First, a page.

Tu B’Shevat is Our Party
“Ki ha’adom eitz hasodeh” (Shoftim 20:19). Man is compared to a tree. How so? It’s because man, just like a tree, is a long-term investment.
Animals are born with most of their potential nearly at completion. It takes mere days from birth – sometimes even less – for most animals to begin doing whatever it is they do. There’s not much unfulfilled potential. In Lashon Hakodesh, an animal is a beheimah, which is spelled by putting two words together, boh mah, that’s what it is, or what you see is what you get.
Man, however, is born with virtually none of his potential anywhere near apparent. To bring out man’s potential, he must be tended to, sheltered, nourished, protected, guided and sometimes cut down a bit. Much as a tree that must be watched, watered, sheltered, pruned and takes quite a number of years to reach its potential, but once grown will give fruit for many generations, so is it with man.
Man’s potential is inside, beneath the surface, but with care and dedication it can be brought out and made to shine.
There are many lessons to be learned from this, especially given today’s culture of instant gratification. We can learn that pleasures that come to us easily and quickly usually leave us just as easily and just as quickly. The good stuff may need more patience and investment of time and effort, but the gratification will be far more lasting and meaningful.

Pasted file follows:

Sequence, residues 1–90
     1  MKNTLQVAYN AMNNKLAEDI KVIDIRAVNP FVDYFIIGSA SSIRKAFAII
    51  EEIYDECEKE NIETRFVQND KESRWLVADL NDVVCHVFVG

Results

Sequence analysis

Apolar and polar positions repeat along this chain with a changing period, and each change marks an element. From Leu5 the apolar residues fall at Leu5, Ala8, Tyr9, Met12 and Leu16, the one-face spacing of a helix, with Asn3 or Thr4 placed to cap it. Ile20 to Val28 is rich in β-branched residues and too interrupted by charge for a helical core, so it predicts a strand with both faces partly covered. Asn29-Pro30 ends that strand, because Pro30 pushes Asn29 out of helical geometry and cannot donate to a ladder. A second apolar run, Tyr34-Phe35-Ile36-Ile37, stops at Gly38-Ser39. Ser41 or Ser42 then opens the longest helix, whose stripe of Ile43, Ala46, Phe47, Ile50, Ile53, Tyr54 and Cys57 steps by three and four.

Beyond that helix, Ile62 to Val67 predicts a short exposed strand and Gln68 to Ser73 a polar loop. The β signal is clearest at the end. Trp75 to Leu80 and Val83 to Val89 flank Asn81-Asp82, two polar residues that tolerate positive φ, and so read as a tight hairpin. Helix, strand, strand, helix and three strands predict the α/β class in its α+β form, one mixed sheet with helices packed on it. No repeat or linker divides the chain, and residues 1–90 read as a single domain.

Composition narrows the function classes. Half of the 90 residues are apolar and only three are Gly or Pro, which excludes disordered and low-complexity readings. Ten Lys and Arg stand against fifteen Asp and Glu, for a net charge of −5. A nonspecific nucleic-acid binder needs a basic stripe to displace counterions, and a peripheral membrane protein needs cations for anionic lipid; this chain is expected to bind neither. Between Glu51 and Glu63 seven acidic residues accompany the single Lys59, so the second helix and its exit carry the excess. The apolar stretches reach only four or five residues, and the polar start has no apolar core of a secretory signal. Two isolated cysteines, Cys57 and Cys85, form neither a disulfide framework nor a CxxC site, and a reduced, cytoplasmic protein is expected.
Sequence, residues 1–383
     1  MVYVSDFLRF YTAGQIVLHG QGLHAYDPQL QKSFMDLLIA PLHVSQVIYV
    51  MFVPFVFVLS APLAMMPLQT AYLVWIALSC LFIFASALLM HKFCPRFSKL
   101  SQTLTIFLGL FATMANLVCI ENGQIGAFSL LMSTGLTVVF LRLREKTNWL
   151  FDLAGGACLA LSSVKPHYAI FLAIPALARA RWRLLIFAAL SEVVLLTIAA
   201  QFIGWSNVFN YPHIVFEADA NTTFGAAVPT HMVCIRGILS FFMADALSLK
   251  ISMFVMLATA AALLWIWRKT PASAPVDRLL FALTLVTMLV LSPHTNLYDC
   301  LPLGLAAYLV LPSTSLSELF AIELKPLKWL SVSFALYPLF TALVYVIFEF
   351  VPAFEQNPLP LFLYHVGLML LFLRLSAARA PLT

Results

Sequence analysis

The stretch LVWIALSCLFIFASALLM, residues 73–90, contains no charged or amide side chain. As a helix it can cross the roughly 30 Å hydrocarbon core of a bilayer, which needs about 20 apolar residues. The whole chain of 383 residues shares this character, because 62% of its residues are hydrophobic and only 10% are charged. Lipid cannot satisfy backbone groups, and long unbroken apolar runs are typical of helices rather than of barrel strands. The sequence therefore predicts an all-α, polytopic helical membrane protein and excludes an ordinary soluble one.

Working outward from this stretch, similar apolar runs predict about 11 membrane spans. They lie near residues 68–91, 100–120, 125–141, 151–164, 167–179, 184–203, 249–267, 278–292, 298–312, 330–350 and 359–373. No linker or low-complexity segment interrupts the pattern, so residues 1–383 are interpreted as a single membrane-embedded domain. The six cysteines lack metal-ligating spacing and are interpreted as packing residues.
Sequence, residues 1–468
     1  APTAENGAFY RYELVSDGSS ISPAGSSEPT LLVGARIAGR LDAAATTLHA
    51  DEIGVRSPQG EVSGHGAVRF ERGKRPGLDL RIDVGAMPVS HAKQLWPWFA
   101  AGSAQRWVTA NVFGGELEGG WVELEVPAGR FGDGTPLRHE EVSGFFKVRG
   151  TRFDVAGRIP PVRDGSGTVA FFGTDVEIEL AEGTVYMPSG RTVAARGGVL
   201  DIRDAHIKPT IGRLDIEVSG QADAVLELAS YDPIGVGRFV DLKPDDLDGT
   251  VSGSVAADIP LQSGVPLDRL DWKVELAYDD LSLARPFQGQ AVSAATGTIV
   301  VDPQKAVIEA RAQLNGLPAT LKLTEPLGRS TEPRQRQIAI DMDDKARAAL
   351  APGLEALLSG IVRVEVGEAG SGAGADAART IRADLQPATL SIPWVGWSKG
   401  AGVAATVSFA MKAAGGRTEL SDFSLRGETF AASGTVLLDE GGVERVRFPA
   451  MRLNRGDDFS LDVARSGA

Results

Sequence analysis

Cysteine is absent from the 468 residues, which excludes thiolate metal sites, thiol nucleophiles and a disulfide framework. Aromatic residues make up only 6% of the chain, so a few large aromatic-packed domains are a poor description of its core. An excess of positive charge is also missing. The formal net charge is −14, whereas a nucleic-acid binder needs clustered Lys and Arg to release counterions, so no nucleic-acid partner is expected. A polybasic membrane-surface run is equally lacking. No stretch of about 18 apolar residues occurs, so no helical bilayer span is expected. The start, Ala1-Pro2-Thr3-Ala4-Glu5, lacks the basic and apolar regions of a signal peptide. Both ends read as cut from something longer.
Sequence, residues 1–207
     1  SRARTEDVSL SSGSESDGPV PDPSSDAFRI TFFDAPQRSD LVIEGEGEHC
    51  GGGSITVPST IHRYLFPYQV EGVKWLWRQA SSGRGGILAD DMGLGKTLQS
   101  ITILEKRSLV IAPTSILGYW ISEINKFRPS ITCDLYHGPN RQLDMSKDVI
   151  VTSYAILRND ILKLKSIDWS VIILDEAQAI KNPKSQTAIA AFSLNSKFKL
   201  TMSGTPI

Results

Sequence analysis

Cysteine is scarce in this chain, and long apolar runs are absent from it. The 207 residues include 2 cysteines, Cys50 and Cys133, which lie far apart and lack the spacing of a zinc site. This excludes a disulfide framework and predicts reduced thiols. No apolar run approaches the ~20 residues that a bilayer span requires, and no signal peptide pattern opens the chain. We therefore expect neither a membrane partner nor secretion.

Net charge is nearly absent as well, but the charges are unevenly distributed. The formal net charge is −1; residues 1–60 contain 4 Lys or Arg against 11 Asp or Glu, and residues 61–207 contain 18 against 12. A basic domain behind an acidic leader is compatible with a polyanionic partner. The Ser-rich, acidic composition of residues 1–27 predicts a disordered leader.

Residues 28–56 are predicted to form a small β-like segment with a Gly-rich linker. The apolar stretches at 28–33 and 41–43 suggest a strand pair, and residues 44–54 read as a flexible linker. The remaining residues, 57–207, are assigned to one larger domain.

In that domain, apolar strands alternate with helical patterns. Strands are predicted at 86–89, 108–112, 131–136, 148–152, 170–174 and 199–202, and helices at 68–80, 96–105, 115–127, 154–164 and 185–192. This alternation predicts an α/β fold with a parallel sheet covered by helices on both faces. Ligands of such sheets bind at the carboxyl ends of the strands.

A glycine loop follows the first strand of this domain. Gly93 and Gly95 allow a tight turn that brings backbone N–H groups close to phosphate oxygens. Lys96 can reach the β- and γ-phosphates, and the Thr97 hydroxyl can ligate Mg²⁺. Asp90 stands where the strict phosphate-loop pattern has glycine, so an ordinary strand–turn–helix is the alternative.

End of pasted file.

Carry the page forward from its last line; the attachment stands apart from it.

We can learn, as well, that when it comes to child-rearing, we should focus on the child’s long-term growth and emotional strength of character rather than on our own short-term peace and quiet.
Most of all, though, perhaps this year as we celebrate Tu B’Shevat and our kids ask us, or we ask ourselves, what this party is all about, we’ll look at ourselves and rather than see ourselves for what we are, we’ll see ourselves for what we can be. Each of us has so much untapped potential. Take a look outside and see the trees whose bare branches seem to proclaim emptiness and lack. Then think about how this tree will yet bloom – not now, not next week or even next month.
It will bloom, though. It will bud, perhaps grow flowers, leaves or various luscious fruit. There is so much in that “dead” and empty tree. What you see is not what you get, not with that tree and not with ourselves either.
Our potential is limitless, and that awareness is something definitely worth celebrating.
(Note: This article is based on a Tu B’Shevat exposition by Rabbi Binyomin Fishman in the Ohr Somayach Newsletter of 11 Shevat 5778.)